The drugs were approved to treat arthritis pain without causing stomach or intestinal problems. Studies conducted a decade ago found that most users of those medicines weren’t at risk for those problems.
You might think it wouldn’t matter. The evidence shows otherwise. Two of the most popular Cox II inhibitors, Vioxx and Bextra, later were taken off the market after testing showed that they increased the risk of fatal heart problems and strokes.”
A Portland jury ruled in favor of a former boy scout who was sexually abused by assistant Scout Master Timur Dykes in the 1980’s. Dykes, who had admitted to molesting 17 other Boy Scouts to a Mormon Bishop, was convicted and served time in prison for sexual abuse of scouts. The trial marked the second time that a jury has actually seen the so-called Boy Scout “perversion files” which were the Boy Scout secret files kept by the organization. The perversion files documented sexual abuse accusations and other inappropriate acts by Boy Scout leaders. In addition to the $1.4 million verdict for negligence, the Boy Scouts will face additional civil penalties for punitive damages. The Boy Scouts could face up to $25 million in punitive damages.
The Boy Scouts had fought to keep the “perversion files” confidential and away from potential jurors but in February an Oregon court ruled that the documents could be made public. The perversion files contain 1,000 pages of documents kept by the Boy Scouts on alleged pedophiles from 1965 until 1984.
The last few months have seen wave after wave of fresh news reports about the Pope’s handling of the sexual abuse scandal in addition to the emerging scandal in Europe. Yet, one might argue the worst is yet to come. Sometime near the end of April, Pope Benedict XVI will receive a report summarizing the findings from a 7 month long investigation into the life and scandal of Fr. Marcial Maciel Degollado, founder and head of the Legion of Christ. The investigation will undoubtedly note that Maciel fathered at least two children and abused scores of Legion seminarians. However, according to journalist Jason Berry, the new scandal will involve money and influence peddling in the Vatican. Berry, who has done extensive reporting and research on the Legion and Maciel himself, has spoken to numerous Vatican insiders and former Legion members. What he discovered is astounding. Berry discovered the following:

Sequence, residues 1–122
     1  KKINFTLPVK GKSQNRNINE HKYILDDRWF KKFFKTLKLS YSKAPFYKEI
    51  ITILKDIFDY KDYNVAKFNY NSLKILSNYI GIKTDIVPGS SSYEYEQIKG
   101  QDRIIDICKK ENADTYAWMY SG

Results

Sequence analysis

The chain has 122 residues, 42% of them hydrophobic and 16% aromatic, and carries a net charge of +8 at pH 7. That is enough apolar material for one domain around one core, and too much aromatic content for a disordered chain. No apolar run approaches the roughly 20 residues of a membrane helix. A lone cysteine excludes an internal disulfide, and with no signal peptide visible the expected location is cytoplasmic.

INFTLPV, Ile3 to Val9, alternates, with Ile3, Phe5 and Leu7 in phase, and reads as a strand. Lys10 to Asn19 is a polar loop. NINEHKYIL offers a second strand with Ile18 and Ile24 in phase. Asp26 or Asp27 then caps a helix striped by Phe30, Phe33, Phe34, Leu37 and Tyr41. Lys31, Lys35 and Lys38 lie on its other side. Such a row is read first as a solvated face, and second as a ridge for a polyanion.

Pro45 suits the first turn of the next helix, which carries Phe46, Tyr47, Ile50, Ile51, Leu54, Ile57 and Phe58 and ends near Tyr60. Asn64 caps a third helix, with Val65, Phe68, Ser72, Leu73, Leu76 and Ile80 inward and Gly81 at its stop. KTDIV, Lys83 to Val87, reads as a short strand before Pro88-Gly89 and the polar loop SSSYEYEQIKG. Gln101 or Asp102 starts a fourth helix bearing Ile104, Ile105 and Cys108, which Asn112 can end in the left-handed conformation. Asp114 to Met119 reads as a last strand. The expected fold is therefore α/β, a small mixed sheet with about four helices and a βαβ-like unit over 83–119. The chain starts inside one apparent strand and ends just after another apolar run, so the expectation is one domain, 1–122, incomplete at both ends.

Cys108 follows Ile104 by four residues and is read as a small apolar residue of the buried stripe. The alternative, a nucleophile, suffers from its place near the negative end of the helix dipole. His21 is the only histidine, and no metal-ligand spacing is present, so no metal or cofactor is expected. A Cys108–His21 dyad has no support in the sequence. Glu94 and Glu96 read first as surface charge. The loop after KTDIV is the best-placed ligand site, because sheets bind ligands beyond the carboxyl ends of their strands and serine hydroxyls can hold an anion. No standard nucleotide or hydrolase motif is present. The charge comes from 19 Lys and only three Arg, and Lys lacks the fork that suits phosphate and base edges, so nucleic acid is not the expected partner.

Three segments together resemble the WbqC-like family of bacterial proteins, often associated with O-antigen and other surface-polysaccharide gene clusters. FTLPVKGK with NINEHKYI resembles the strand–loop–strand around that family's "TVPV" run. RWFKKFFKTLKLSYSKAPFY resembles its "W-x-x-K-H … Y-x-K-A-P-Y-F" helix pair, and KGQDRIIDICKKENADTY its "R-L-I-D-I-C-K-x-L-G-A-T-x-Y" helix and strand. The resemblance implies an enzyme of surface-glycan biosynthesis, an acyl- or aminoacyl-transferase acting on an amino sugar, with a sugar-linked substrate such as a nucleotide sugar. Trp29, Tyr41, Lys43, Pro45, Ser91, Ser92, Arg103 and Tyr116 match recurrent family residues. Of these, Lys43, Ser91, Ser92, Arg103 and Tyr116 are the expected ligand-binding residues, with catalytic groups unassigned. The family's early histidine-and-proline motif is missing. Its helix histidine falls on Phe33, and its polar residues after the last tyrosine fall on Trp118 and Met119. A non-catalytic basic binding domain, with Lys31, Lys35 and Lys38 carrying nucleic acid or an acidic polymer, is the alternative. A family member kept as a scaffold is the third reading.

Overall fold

Maciel was a morphine addict who abused Legion seminarians from the 1940’s until at least the 1960’s. He was a prodigious fundraiser who distributed his wealth to various high ranking Vatican officials in order to curry favor and protect him and the Legion against the inevitable rumors of his sexual activities. According to Berry, Maciel traveled frequently to Rome in order to dole out large sums of cash to Vatican officials such as Cardinal Angelo Sodano, Pope John Paul’s Secretary of State and Archbishop Stanislaw Dziwisz, who served as Pope John Paul’s private secretary. Maciel directed his financial gifts to those inside the Vatican who could benefit the Legion and Maciel himself. For example, Maciel paid for the renovation of a cardinal’s residence in Rome. The cardinal happened to be Eduardo Francisco Pironio, the prefect for religious from 1976 until 1983. Pironio was the one who had ultimate authority to approve the Legion of Christ’s Constitution which included “Private Vows”. The private vows included a solemn promise to never speak ill of Maciel and to report anyone suspected of uttering criticism of Maciel or any other Legion superior. Initially, Pironio balked at signing off on the Constitution. So Maciel appealed to Pope John Paul himself. Two weeks later, Pironio gave his approval for the new Legion constitution.